What is Peripheral Arterial Disease?
Eight to twelve million people in the United States over the age of 50 suffer from Peripheral Arterial Disease (PAD). Without proper treatment, almost 30% of them are likely to suffer from a stroke, heart attack, amputation or even death caused by PAD.
Peripheral Arterial Disease is one of the more common circulatory problems that causes your arteries to narrow. This reduces or completely blocks the blood flow to your legs and feet. A fatty plaque buildup is usually the cause of PAD. Atherosclerosis is simply the narrowing and hardening of arteries from this plaque buildup, which is normally noted in heart health. This disease doesn’t just cause PAD, it also commonly causes heart attacks and strokes. Peripheral Arterial disease can also be caused by the blood vessels becoming inflamed, injuries to the leg or radiation exposure.
Is pain when walking a symptom of PAD?
There are a few notable symptoms that are associated with PAD. Cramping, tiredness in the legs and hips, or pain while walking could all be indicators of the disease. Often, the pain experienced while walking will go away after rest. However, this pain will return once you start moving again. This is called intermittent claudication. The blocked blood flow can also cause numbness. This leaves you at a higher chance of developing an infection in your legs or feet. A lot of people mistake PAD for something else, like muscular pain.
How do I know if I’m at risk for Peripheral Arterial Disease, or if I have this disease?
The main risk factor for developing PAD is smoking. If you do smoke, or have a history of doing so, the risk increases as much at 4 times. Obesity also increases your risk. Having a BMI (Body Mass Index) higher than 25 can also increase your chances of PAD, heart disease or stroke. BMI is a comparison of your height to your weight. Diabetes can also cause PAD. High blood pressure and cholesterol can contribute as well. Lastly, being physically inactive increases your chances. The good news is that you can control these risks.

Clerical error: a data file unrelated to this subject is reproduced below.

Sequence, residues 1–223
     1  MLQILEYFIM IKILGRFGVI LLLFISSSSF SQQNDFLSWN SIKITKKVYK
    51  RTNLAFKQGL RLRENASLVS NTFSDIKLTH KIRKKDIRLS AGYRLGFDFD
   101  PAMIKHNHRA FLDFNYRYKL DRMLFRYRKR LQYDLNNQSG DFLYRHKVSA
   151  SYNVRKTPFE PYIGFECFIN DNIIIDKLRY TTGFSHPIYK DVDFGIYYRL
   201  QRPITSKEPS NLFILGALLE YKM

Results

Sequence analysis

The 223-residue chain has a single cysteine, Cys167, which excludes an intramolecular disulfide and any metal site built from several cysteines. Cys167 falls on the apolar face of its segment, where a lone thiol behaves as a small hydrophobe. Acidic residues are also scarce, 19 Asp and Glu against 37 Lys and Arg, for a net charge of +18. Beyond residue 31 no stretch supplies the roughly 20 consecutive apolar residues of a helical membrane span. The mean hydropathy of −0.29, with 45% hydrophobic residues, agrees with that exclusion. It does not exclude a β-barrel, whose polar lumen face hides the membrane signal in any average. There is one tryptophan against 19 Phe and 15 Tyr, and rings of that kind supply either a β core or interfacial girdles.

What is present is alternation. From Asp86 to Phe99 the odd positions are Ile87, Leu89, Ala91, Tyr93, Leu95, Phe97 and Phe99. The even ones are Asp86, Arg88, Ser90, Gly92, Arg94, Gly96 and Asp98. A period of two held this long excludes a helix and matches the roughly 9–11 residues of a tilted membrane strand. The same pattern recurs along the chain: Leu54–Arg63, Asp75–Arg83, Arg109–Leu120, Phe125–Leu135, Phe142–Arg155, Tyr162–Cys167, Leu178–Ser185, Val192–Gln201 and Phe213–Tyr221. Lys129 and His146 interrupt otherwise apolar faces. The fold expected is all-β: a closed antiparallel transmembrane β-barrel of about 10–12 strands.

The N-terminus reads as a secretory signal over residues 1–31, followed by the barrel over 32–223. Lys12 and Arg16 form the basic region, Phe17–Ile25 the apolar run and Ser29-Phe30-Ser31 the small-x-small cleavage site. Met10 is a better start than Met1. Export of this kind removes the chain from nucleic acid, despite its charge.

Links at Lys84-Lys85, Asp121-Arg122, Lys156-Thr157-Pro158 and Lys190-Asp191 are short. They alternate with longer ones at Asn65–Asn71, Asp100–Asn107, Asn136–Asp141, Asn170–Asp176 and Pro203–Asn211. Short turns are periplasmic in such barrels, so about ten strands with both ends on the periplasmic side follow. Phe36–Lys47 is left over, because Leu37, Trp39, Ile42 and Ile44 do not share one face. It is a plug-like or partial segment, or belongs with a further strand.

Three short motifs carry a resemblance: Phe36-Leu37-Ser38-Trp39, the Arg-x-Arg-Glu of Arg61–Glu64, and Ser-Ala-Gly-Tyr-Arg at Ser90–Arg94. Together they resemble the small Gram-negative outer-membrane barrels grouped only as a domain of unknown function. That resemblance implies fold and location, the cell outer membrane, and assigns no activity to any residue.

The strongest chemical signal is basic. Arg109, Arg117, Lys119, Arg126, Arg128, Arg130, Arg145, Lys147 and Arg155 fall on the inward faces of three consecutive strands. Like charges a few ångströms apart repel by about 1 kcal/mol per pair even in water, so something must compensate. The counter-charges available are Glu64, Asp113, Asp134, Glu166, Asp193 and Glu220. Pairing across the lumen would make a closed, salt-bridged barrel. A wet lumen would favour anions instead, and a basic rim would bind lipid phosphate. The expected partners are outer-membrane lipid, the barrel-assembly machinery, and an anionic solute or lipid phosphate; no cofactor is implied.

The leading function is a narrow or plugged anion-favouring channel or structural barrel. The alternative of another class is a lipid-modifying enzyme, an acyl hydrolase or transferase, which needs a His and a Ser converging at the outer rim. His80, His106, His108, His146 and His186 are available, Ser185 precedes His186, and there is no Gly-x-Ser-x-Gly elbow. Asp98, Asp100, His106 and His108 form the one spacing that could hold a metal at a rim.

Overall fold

At Central Jersey Foot & Ankle Care, we utilize a machine called PADnetR to test for PAD right in our office. This is a simple, non-invasive system. It helps us detect PAD early on, and the test only takes 15 to 20 minutes. In that time, it provides enough data to determine a suitable surgical or medical treatment and guide a successful treatment plan. We collaborate with other physicians at Centrastate Medical Center to treat Peripheral Arterial Disease.
How is PAD treated?
There are a few ways to treat Peripheral Arterial Disease. The first way is to take different types of medications to lower your cholesterol and blood pressure. By lowering these, you could prevent blood clots from forming that could potentially cause a heart attack or stroke. Other medications can also help reduce the leg pain experience. You should also start following a healthy eating plan. Stop smoking, reduce your weight, manage your blood sugar and get moving.
Surgery may be required depending on the severity of the disease. If the blood flow to your feet is completely or almost blocked, a surgical procedure could benefit you. An angioplasty or bypass graft surgery won’t cure PAD, but it can help improve the blood circulation in your legs and help you walk.
If you are experiencing any of the symptoms of PAD, or think you may have the disease call Central Jersey Foot & Ankle Care to set up an appointment.